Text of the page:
The Federal Housing Agency (FHA) doesn’t directly offer loans. Instead, its purpose is to provide mortgage insurance for Americans to purchase or refinance a principal residence.
To put it another way, the mortgage loans are funded by private lending institutions (mortgage companies, banks, savings and loan associations, etc.), and those mortgages are then insured by FHA/HUD.
The Benefits of FHA Loans
If you qualify as a prospective homeowner, these loans have three great benefits. First of all, your down payments are lower. Second, closing costs are also lower. And, finally, it’s easier to qualify for credit.
FHA has programs for:
• First-home buyers
• Fixer uppers
• Manufactured housing and mobile homes
• Energy efficiency, etc.
If you’re a first-time home buyer, a FHA loan can be a good deal for you. See the eligibility requirements below. Later, I’ll cover the fixer-upper category requirements. Check with the FHA on other programs.
First-Home Buyer Programs
These programs have the following eligibility requirements:
• You must meet standard FHA credit qualifications (judged by the individual’s credit record).
• You’re eligible for approximately 97% financing.
• You’re able to finance the upfront mortgage insurance premium into the mortgage.
• You’re also responsible for paying an annual premium.
• Within this category, the eligible properties are one-to-four unit structures. As of this writing, the highest maximum FHA mortgage is $362,790 while the lowest maximum amount is $200,160.
The 203(k) Program for Fixer-Uppers
The 203(k) program issues loans to allow you to buy or refinance a property. In the loan, you can also include the cost of making the repairs and improvements.
The loans are provided through approved mortgage lenders nationwide, and they’re available to buyers wanting to occupy the home.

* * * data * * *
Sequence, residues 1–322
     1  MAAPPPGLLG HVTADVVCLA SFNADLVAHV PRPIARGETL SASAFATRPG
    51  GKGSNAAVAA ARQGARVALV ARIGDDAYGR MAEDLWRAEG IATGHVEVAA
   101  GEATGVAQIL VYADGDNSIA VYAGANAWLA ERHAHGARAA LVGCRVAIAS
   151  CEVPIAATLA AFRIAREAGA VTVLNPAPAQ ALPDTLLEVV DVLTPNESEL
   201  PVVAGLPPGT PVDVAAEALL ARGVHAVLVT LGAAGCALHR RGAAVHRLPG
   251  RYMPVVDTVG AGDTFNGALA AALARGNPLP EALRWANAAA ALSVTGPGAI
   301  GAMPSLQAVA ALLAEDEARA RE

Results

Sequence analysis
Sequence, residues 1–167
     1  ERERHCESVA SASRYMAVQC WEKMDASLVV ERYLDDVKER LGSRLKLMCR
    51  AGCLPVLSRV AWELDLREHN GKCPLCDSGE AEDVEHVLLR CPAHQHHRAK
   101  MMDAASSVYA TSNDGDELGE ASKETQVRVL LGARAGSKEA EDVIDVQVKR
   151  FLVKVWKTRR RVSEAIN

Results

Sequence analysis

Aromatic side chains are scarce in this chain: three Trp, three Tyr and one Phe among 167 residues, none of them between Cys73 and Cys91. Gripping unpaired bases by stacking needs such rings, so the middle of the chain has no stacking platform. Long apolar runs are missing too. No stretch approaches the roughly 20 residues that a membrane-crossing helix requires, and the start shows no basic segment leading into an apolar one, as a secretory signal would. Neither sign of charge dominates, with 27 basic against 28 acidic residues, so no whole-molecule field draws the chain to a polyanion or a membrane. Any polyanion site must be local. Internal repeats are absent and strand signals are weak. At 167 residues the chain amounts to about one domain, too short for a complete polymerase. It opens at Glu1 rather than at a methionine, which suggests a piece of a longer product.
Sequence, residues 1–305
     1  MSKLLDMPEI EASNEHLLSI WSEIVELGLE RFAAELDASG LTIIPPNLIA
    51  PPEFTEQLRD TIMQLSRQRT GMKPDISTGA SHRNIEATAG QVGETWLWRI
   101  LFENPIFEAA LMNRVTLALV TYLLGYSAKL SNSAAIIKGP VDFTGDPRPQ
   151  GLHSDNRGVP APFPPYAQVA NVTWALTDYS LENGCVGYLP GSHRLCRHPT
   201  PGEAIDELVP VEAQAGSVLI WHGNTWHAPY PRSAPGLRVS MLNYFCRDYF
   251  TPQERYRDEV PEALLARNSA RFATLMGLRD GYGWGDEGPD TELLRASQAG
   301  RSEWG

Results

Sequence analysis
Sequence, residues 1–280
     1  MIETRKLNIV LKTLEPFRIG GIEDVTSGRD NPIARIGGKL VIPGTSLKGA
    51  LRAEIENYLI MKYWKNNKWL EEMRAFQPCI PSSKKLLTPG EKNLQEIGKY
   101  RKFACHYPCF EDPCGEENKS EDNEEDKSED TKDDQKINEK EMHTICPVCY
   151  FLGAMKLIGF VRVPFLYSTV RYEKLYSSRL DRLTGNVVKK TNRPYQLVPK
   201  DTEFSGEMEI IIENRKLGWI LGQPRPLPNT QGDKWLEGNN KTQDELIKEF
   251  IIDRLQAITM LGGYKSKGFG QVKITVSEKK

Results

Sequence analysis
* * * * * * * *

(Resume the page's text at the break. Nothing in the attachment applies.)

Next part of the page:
The down payment requirement for an owner-occupant (or a nonprofit organization or government agency) equals about 3% of the acquisition and repair costs of the property.
There are several steps to obtaining such a loan:
• You find a fixer-upper and sign a sales contract after doing a feasibility analysis of the property with a realtor.
• The contract should state that you’re seeking a 203(k) loan. It should also state the contract is contingent on loan approval based on additional required repairs by the FHA or the lender.
• You then select an FHA-approved 203(k) lender and arrange for a detailed proposal showing the scope of work to be done. The proposal should include a detailed cost estimate on each repair or improvement of the project.
• The appraisal determines the value of the property after renovation.
• If you pass the lender’s credit-worthiness test, the loan closes for an amount that will cover the purchase or refinance cost of the property, the remodeling costs and the allowable closing costs.
• The amount of the loan also includes a contingency reserve of 10% to 20% of the total remodeling costs. It’s used to cover any extra work not included in the original proposal.
• At closing, the seller of the property is paid off and the remaining funds are put in an escrow account to pay for the repairs and improvements during the rehabilitation period.
• The mortgage payments and remodeling begin after the loan closes.
You can decide to have up to six mortgage payments (PITI) put into the cost of rehabilitation if the property is not going to be occupied during construction, but it cannot exceed the length of time it’s estimated to take to complete the rehab.
• Escrowed funds are released to the contractor during construction through a series of draw requests for completed work.
• To ensure completion of the job, 10% of each draw is held back; this money is paid after the lender determines there will be no liens on the property.
Whew, somewhat complicated, isn’t it? Well, we’re dealing with a government program! But, FHA loans can be a good deal for you, and I’m available to guide you throughout the entire process. Just give me a call today!